Can you really trust your own mind? If your reality is sculpted by perceptions, what do you do when those sands start to shift?

Can you really trust your own mind? If your reality is sculpted by perceptions, what do you do when those sands start to shift?

This is the dilemma faced by Curtis in the film "Take Shelter," a man plagued by terrifying nightmares and visions.

His resulting fears are twofold: What if the things he sees aren't real? And what if they are?

Curtis (Michael Shannon) is a blue-collar guy in a small Ohio town. He and his wife Samantha (the recently omnipresent Jessica Chastain) care for their deaf daughter (Dublin native Tova Stewart).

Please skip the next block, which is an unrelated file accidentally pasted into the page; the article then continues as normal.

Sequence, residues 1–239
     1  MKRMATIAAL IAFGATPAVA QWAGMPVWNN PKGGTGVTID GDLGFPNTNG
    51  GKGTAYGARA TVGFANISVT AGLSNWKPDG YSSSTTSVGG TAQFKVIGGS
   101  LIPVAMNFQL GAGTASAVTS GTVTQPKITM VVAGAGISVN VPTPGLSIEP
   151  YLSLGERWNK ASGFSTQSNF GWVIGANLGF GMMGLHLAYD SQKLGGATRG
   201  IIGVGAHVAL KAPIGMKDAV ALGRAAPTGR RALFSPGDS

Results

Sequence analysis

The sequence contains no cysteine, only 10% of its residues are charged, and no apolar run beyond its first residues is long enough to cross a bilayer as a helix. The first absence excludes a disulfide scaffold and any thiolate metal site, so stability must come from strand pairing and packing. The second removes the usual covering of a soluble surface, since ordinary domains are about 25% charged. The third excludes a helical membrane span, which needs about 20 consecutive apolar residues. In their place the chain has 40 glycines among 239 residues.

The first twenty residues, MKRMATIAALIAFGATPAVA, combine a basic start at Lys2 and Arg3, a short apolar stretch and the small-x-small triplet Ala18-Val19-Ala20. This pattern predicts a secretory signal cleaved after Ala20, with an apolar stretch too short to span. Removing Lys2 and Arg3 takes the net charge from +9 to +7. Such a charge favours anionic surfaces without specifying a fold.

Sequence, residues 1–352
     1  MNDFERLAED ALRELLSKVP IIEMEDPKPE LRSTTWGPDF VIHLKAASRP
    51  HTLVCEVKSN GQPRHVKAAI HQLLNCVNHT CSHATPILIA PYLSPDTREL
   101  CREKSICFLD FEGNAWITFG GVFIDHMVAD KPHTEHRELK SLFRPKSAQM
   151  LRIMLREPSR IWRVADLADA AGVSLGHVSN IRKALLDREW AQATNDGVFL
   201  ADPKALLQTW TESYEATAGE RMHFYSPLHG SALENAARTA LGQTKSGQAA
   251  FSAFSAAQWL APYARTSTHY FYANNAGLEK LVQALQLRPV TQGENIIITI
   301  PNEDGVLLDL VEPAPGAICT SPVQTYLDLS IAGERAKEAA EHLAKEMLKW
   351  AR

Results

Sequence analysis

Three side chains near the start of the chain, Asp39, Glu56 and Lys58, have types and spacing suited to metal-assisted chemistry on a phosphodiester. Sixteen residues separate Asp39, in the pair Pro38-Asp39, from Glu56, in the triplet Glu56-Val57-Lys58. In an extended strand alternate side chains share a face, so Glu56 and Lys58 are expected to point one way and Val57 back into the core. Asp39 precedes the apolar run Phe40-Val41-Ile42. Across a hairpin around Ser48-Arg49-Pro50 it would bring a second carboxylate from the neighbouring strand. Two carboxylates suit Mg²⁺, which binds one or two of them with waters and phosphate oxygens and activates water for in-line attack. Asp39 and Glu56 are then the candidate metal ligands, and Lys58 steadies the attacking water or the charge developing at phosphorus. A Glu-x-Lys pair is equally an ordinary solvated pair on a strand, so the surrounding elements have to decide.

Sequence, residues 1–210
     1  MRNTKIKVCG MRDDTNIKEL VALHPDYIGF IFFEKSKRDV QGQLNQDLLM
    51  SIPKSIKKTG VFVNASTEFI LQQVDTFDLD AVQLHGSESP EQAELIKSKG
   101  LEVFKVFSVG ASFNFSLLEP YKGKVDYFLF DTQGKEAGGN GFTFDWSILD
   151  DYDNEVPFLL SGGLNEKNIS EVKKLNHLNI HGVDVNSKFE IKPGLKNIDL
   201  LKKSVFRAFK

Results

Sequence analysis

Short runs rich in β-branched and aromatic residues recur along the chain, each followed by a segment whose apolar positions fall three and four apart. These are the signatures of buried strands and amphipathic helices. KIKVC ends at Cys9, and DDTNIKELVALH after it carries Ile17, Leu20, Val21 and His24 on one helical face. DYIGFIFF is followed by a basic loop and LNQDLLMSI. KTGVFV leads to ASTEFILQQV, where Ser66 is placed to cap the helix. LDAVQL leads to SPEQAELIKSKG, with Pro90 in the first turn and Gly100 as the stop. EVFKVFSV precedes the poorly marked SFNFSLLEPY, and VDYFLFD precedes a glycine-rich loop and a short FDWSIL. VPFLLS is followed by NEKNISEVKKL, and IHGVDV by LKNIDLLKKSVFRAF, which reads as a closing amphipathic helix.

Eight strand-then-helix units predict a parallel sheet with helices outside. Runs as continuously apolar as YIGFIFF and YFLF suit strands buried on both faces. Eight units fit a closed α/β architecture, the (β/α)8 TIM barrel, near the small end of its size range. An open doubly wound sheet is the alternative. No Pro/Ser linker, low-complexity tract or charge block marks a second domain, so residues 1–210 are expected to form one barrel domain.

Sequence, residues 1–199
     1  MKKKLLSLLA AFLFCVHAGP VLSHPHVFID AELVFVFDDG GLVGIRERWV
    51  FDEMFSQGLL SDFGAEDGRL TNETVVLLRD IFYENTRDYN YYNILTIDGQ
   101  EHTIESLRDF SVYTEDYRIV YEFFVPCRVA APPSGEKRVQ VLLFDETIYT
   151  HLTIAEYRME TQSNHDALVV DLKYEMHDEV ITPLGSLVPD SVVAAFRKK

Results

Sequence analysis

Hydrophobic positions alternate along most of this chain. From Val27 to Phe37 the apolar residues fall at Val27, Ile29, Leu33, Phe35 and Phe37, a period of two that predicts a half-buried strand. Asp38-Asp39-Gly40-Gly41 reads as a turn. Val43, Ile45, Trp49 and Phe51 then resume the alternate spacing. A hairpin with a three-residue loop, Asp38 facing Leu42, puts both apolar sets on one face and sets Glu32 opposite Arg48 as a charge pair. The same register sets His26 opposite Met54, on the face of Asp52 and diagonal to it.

But Curtis has been having dark premonitions and dreams. A hazy idea of a coming "storm" looms large in the troubled horizon of his mind.

Curtis invests a large sum of money in building an underground storm shelter … even as both he and his wife question his sanity.

"Take Shelter" is a film of remarkable dread. Writer-director Jeff Nichols guides events in a way that's both unsettling and subtle. It's not the apocalyptic thriller you might expect. It's far better.

And much of the reason for that is Shannon, who further establishes himself as a superlative actor. If enough people see this film, an Oscar nod is certain.

Some may find "Shelter" a bit confounding. I found it to be one of the year's best.